How to keep IoT devices secure. A Smart Security Guide focussing on the main IoT security issues.
There’s been growing concern about the security of Internet of Things (IoT) devices in the last 18 months, as devices like Smart Security Cameras (like the the Canary and Arlo) and Smart Lights (like the Philipps Hue) have increasingly become the target of hackers, hacking into the devices via a number of common vulnerabilities like password security, encryption and lack of granular user access permissions. One of the most famous examples of hacked IoT devices happened in 2016, when hackers accessed 1000’s of IoT to orchestrate a massive bonnet based DoS attack on Dyn – resulting in bringing down major internet services like Amazon and Twitter, and resulting in major damage.
Given the high-levels of IoT market growth, with the market estimated at 50 billion IoT devices by 2020, and the fact that IoT are always connected and therefore always vulnerable, means that addressing the security issues is critical.
To help, we’ve put together a guide of the top ways hackers can access your IoT devices and tips on keeping your IoT devices secure:
- Poor passwords and use of default passwords: one of the biggest IoT security breaches comes from either not changing the default password of your system (which are often set as 1234, or similar). This means that it’s quick and easy for a hacker to access your device, change the password and take control of it. Choosing a secure password, beyond using a simple weak password, is important from further password hacks. Passwords both apply to the devices themselves and also the software / apps that are used to control them. Both are vulnerable and both need to have secure passwords applied.
- Poor encryption: IoT devices work by talking (i.e. connecting over your properties network) to each other and talking to your router, transferring varying levels of information. Encrypting this information is therefore hugely important, given that much of this information is critical, and could potentially lead a hacker to accessing an individual’s personal information via the the device, cloud or device’s mobile application. Given that the majority of these devices collect information like name, address, date of birth and even credit card details, then you can see why it’s important to keep routes into accessing this data as secure as possible. Unfortunately most IoT devices have low computing power, meaning that they are unable to support advanced encryption. The fact that most also update via remote management software, also makes them open to remote exploitation by hackers.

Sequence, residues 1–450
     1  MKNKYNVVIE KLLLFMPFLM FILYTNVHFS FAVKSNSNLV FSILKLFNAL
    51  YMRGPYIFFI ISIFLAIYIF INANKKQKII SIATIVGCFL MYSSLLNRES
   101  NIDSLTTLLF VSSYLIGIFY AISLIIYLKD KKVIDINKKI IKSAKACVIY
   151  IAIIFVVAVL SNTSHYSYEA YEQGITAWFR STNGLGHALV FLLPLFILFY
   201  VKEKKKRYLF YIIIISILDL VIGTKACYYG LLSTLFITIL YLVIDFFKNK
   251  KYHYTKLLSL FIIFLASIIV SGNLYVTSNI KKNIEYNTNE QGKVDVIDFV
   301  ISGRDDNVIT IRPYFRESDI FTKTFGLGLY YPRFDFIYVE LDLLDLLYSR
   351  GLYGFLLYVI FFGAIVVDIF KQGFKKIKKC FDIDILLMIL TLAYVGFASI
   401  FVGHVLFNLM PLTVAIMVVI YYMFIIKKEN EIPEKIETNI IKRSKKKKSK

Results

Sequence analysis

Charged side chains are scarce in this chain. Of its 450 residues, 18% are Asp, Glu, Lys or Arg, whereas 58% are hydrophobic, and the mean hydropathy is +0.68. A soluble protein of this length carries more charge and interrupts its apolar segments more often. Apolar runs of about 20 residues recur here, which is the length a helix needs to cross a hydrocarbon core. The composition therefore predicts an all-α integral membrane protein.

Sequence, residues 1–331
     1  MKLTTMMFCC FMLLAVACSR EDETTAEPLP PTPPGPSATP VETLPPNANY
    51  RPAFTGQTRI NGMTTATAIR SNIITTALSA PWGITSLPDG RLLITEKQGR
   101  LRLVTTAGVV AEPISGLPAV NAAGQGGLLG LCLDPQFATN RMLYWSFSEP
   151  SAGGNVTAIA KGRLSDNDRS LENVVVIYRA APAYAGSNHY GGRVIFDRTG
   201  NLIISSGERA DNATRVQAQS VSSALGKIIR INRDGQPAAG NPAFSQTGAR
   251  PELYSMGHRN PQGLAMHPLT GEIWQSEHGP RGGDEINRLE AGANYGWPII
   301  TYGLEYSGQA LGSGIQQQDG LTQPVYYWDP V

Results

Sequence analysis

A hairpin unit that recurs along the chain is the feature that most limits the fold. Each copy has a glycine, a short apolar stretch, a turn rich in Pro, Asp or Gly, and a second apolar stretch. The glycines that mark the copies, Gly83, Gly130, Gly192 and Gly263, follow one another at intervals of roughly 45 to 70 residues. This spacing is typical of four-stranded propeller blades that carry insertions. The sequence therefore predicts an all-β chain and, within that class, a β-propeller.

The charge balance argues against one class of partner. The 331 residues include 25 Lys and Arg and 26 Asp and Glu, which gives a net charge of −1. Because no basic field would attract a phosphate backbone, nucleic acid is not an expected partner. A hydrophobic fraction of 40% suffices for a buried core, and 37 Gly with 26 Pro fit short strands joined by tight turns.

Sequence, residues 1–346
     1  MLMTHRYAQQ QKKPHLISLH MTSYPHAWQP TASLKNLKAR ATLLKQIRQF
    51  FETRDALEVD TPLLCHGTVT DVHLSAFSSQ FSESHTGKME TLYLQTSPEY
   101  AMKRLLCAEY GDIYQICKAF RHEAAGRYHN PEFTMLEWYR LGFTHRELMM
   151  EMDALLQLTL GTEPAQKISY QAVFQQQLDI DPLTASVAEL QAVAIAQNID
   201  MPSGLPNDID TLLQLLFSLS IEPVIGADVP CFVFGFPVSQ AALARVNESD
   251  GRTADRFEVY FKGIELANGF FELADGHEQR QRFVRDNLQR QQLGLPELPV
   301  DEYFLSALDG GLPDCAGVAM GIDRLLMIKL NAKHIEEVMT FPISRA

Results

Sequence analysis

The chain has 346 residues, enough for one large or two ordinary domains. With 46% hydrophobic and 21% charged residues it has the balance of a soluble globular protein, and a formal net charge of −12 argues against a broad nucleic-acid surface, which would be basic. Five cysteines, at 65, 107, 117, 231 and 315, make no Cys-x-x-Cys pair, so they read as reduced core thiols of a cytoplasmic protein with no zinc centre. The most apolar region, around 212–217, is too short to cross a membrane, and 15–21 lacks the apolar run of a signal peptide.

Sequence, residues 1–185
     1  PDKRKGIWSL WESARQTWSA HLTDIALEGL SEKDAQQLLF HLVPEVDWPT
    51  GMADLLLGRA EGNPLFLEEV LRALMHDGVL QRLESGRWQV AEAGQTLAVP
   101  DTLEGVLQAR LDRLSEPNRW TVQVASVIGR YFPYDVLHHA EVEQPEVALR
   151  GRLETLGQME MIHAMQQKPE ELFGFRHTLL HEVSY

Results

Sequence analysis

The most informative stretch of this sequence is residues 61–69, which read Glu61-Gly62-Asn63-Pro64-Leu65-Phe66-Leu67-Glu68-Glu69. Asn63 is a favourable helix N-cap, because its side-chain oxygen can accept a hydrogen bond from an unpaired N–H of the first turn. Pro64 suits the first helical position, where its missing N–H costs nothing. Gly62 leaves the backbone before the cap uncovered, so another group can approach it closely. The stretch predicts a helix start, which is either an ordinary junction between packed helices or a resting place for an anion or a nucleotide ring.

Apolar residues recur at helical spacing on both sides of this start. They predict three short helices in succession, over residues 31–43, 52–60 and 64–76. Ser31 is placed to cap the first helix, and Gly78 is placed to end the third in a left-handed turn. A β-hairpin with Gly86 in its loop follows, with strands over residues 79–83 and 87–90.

- Device, app and cloud: these are the three parts to how your IoT devices work, so being aware of needing to secure each of these, and the fact that each of these parts is equally at risk of being hacked, is important.
What you can do to make sure your IoT devices are secure
- Avoid default passwords: the primary thing IoT users can do to keep their data and homes safe, is to avoid using default passwords. In particular you should check your router to make sure that you are not using the default router password.
- Use an advanced secure password: you should then change your password to something secure i.e. a strong password that avoids using common nouns and short strings of numbers, as these types of passwords are guaranteed to be hacked.
- Update your devices: your mobile phone and computer receive regular security updates; your IoT devices should receive similar security updates on a regular basis.
- Use encrypted firmware: the more sophisticated hackers can deploy their own versions of firmware, making the spread of viruses nearly impossible to stop. Once malicious firmware has infected your router or computer, it can then spread viruses to other devices via USB sticks and other computers on your network.
Addressing the first two of these points will go along way to keeping your IoT devices safe from hackers, as hackers can be very lazy – so will always go for the low-hanging fruit. The last two are nice to haves, but are often out of the users control (or are more difficult to implement).
For more information on IoT security, one of the best sources to read is an organisation called the Open Web Application Security Project (OWASP), which is a not-for-profit charitable organisation focused on improving security of software. Additionally, the following are some interesting related articles:
- OWASP: https://www.owasp.org/index.php/OWASP_Internet_of_Things_Project
- Wiki entry on IoT Security & Solutions: http://internetofthingswiki.com/iot-security-issues-challenges-and-solutions/937/
- Business Insider article on IoT security issues: http://uk.businessinsider.com/internet-of-things-security-privacy-2016-8
- Academic research around IoT security: http://ieeexplore.ieee.org/abstract/document/6746513/?reload=true
The overall message is that IoT are a good thing and can very much enhance your life, however you need to be aware that if not implemented correctly you could be leaving an open back door into your personal information.